Boothe shares thoughts on legislative session

Published 11:00 pm Thursday, October 10, 2013

State Rep. Alan Boothe entertained the Troy Exchange Club Thursday with humor, facts and predictions.

Boothe opened his presentation by saying that he has no control over the issuance of Social Security checks.

“A lady called me and said that, if she didn’t get her Social Security check next month, there was going to be trouble and it would start with me,” Boothe said. “I told her that I was a representative in Montgomery, not in Washington. She said, ‘Well, you’re just about as bad.’”

Sign up for our daily email newsletter

Get the latest news sent to your inbox

Boothe told the Exchange Club members not to expect much to happen in the January Legislative session.

“The Legislature is a lot like an hourglass,” he said. “A lot goes in but a little comes out.”

Boothe said, however, that he is pleased with some local developments including ATRIP funding to assist 16 road projects in Pike County and a parking lot paving project at CGI.

Boothe said that he recently spoke at the National Recycling Association meeting in Nashville and highlighted KW Plastics in Troy.

“KW Plastics is the largest recycler of plastic materials in the world,” he said. “The only limitation that KW Plastics has is acquiring raw materials. They are getting some raw materials out of landfills in Mexico. The U.S. can’t supply all the raw materials they need.”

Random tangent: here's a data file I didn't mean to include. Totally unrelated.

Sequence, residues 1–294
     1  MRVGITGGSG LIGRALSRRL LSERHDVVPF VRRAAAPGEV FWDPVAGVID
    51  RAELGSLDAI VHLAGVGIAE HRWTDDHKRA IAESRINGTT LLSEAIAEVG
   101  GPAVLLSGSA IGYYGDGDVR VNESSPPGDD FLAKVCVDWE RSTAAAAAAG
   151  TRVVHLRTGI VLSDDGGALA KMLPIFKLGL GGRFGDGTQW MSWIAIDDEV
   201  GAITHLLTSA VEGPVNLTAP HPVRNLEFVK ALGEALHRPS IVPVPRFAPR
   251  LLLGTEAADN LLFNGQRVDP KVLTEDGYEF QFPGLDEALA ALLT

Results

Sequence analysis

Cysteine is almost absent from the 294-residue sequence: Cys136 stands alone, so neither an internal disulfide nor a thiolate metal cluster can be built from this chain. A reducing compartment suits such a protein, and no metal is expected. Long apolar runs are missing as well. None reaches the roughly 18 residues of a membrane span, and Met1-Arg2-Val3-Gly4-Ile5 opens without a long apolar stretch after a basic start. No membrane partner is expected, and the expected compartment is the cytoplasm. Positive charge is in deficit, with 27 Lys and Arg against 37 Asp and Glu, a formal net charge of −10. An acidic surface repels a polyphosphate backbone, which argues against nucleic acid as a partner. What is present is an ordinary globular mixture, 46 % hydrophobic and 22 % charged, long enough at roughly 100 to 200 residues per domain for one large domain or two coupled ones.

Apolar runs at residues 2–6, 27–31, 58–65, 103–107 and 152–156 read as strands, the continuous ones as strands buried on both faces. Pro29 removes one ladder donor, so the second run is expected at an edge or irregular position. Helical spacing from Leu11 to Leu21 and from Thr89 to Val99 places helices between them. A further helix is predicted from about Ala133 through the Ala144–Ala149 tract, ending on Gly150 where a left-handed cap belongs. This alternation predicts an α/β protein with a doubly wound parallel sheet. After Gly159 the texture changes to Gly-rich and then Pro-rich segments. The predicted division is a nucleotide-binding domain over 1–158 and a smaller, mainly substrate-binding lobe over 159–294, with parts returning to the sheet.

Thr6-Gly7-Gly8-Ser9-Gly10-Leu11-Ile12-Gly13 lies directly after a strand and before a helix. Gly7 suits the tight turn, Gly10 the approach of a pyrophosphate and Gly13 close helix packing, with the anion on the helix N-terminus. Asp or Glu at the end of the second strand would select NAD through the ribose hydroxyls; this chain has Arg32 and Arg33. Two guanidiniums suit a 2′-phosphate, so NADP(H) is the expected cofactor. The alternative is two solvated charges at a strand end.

Boothe said that the City of Troy does a good job of recycling but Alabama, overall, does not.

Boothe said the Legislature passed a irrigation bill that will be of great benefit to the farmers.

“Crops just will not grow without water,” he said. “Take corn. There are five days in the life of corn when it has to have water. Irrigation is the only way a farmer can be guaranteed water.”

Boothe said the irrigation bill will give farmers a $10,000 tax credit on the installation of an irrigation system.

“The bill is an incentive to irrigate,” he said. “A hundred thousand additional acres of irrigated land would be equal to the location of an automobile assembly plant being located in the state. It’s that big.”

Education continues to be a top priority item for the state.

“We must do what is in the best interest of the students,” Boothe said. “And, that does not mean keep putting money in the same programs.”

Boothe said Alabama is the sixth poorest state in the country.

“Twenty-six percent of our people live below the poverty level,” he said. “We’ve got to better educate our children.”

Boothe reminded the Exchange Club members that, due to reapportionment, at the end of the next legislative session Jimmy Holley will be Pike County’s new state senator.

Boothe closed his presentation by encouraging the Exchange Club members to support Pike County farmers and Pike County agriculture by purchasing tickets to the Pike County Farm-City Banquet on Nov. 7. Tickets are available at the Pike County Chamber of Commerce on the square in downtown Troy.